U.S. Stock Futures Slip as Cost of Virus Weighed: Markets Wrap

U.S. Stock Futures Slip as Cost of Virus Weighed: Markets Wrap

U.S. stock futures fell and bonds rallied as the economic threat of restrictions to control the new variant outweighed optimism about the efficacy of vaccines.

Contracts on both the S&P 500 and Nasdaq 100 retreated after the gauges ended higher Wednesday. Travel companies and airlines declined in premarket trading, while drugmakers including Pfizer Inc. rose. CVS Health Corp. jumped after saying it would buy back shares and raise dividends. Treasuries rallied alongside government bonds across Europe.

The cost to contain the omicron strain is being tallied up amid mounting concern it will crimp the economic rebound. New work-from-home guidance in the U.K. could cost the country’s economy £2 billion ($2.6 billion) a month, according to Bloomberg Economics. A study found omicron is 4.2 times more transmissible than the delta variant in its early stages.

“Ultimately the issue from a health perspective is that even if Omicron does prove to be less severe — which the initial indications so far have pointed to — a rise in transmissibility could offset that,” said a team of Deutsche Bank strategists including Jim Reid. That could mean that more people are in the hospital, “even if a lower proportion of them are severely affected.”

The global equity rally faces further potential road bumps ahead from U.S. consumer inflation numbers this week and a Federal Reserve meeting next week that may provide clues on the pace of tapering and interest rate increases.

The dollar stayed higher Thursday after a report showed applications for U.S. state unemployment benefits declined to the lowest level since 1969. However, economists flagged difficulties in seasonal adjustments to arrive at that figure. On an unadjusted basis, initial claims climbed.

“From a Fed perspective the question is, what about the participation rate? If everything else looks good in terms of employment, can monetary policy bring back that participation rate? I’m skeptical there,” said Glenn Hubbard, dean emeritus and economics professor at Columbia Business School, on Bloomberg TV. “I think the labor market is in great shape. It is time for the Fed to adjust.”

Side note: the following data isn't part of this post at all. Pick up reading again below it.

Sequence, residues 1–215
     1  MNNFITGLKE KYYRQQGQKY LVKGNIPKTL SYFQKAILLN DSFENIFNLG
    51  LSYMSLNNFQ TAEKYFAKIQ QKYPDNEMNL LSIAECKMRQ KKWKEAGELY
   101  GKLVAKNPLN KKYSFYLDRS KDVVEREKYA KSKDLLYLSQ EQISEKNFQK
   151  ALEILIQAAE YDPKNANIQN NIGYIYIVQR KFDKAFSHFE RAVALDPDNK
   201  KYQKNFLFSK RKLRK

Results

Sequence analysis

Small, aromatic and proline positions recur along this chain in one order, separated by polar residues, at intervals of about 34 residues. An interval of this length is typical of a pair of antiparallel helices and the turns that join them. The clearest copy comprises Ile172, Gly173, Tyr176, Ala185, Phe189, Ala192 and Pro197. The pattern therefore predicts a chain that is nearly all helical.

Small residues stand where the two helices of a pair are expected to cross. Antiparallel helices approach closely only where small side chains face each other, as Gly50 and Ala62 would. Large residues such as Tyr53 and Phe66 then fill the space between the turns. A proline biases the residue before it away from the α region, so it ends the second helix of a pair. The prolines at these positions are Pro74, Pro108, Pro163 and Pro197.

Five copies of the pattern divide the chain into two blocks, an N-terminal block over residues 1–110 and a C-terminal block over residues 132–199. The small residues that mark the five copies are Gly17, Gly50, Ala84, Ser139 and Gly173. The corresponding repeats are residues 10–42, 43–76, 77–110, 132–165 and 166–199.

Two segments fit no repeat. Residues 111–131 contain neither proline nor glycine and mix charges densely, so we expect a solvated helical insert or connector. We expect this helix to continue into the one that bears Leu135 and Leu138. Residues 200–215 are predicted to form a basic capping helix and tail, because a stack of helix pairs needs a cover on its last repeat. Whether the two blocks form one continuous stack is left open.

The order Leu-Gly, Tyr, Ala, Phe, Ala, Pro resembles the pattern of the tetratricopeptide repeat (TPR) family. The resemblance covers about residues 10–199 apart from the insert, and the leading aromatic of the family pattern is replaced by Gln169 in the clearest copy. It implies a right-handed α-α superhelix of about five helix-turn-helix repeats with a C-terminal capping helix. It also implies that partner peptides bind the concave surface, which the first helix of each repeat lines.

In Europe, stocks reversed earlier gains to trade slightly lower. Among individual moves, Electricite de France SA fell with the government considering a cap on regulated power tariffs to help curb soaring electricity prices. Meanwhile, UniCredit SpA rose after saying it will return at least 16 billion euros ($18.1 billion) to shareholders by 2024.

In Asia, China Evergrande Group and Kaisa Group Holdings Ltd. officially defaulted on their dollar debt, while the People’s Bank of China raised its foreign currency reserve requirement ratio for a second time this year after the yuan climbed to the highest since 2018.

Here are some key events to watch this week:

  • Federal Reserve Bank of Minneapolis President Neel Kashkari speaks Thursday
  • U.S. CPI Friday

Some of the main moves in markets:


  • Futures on the S&P 500 fell 0.3% as of 9:16 a.m. New York time
  • Futures on the Nasdaq 100 fell 0.3%
  • Futures on the Dow Jones Industrial Average fell 0.3%
  • The Stoxx Europe 600 fell 0.1%
  • The MSCI World index was little changed


  • The Bloomberg Dollar Spot Index rose 0.2%
  • The euro fell 0.3% to $1.1311
  • The British pound was little changed at $1.3199
  • The Japanese yen rose 0.2% to 113.43 per dollar


  • The yield on 10-year Treasuries declined three basis points to 1.49%
  • Germany’s 10-year yield declined four basis points to -0.35%
  • Britain’s 10-year yield declined four basis points to 0.73%


  • West Texas Intermediate crude fell 0.9% to $71.70 a barrel
  • Gold futures fell 0.5% to $1,777.30 an ounce


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